“The SPED students are getting the services that are outlined on their IEPs,” Miles said. “If that IEP says more time, then you’re going to see kids with more time. If it says we’re going to have one-on-one instruction or audible instruction, then you’re going to see that.”

I’m not qualified to say whether this is a good plan or not. For sure, HISD has long fallen short of delivering special education services to its students, and to whatever extent Miles and crew can improve that, I hope they succeed. I’m just not willing to take his word on anything at this point, and this exchange above is an illustration of why. Every time anything critical is said about Mike Miles or his plans for HISD, his first response is to deny, and he usually follows that up with a claim that his critics are misinformed, often adding that they are spreading falsehoods. I’ve yet to see him acknowledge that there’s merit to anything a critic has to say. What he’s doing may work, and I hope it does, but I’m not buying what he’s selling. He hasn’t come close to earning that.

And as noted in that other story, special education is a statewide challenge.

As a former school board member and sitting member of the Texas House Public Education Committee, state Rep. Gina Hinojosa thought she could easily figure out how to get her son enrolled in special education.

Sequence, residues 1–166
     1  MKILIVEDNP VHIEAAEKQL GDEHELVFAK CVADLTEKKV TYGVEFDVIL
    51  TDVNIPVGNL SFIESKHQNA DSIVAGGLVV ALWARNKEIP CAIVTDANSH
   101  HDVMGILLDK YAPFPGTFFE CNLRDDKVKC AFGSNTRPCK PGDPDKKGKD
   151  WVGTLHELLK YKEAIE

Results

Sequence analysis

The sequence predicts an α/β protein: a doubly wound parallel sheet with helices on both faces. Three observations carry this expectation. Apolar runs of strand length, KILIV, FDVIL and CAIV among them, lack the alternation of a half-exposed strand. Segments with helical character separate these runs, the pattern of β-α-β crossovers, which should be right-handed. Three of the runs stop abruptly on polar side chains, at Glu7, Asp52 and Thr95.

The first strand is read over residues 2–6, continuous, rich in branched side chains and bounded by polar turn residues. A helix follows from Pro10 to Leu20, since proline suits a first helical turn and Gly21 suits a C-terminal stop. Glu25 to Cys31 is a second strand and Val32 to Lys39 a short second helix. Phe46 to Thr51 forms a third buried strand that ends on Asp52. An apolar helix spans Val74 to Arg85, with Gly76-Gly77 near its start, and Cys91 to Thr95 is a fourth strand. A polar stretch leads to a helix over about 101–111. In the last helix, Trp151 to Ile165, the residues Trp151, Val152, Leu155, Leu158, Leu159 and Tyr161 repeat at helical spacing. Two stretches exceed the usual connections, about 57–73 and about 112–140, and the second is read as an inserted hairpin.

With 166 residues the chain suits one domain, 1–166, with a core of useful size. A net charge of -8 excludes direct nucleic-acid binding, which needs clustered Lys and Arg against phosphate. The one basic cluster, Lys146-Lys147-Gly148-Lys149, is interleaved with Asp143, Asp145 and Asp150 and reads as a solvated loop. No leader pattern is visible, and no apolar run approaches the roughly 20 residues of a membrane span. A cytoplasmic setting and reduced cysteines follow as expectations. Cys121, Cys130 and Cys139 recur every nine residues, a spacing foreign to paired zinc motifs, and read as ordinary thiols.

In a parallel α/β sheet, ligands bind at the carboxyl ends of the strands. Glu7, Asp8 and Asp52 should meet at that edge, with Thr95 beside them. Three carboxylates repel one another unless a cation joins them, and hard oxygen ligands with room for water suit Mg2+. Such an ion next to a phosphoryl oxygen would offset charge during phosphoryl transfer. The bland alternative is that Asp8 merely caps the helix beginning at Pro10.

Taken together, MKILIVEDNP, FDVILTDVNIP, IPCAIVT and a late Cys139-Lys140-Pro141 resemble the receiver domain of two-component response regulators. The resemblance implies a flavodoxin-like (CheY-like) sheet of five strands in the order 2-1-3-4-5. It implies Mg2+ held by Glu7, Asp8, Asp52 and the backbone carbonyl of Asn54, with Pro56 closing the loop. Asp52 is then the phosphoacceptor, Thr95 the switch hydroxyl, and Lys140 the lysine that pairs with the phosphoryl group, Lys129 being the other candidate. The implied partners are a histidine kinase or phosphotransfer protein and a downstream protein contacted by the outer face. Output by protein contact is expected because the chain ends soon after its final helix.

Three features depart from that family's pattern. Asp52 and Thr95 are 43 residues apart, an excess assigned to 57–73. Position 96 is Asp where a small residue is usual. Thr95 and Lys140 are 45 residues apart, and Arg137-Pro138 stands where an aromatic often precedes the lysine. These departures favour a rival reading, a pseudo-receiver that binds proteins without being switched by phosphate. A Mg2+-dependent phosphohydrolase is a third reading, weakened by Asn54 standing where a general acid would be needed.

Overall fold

School districts are required by law to conduct detailed evaluations for students suspected of having a disability within 45 days, at no cost to families. But after more than a year of waiting for her son’s dyslexia to be evaluated, Hinojosa was so frustrated she ended up paying about $2,000 for a private professional to do it.

At one point, she called Austin ISD’s central administrative office to ask about the delay.

“The problem is all over the state,” the administrator responded. “Nobody has enough people to do the evaluations.”

It’s a long story, so read the rest. This obviously adds to HISD’s challenge, and if one is inclined to cut them some slack this would be a decent reason for it. This probably needs a federal solution to alleviate it, but that’s obviously not in the cards right now.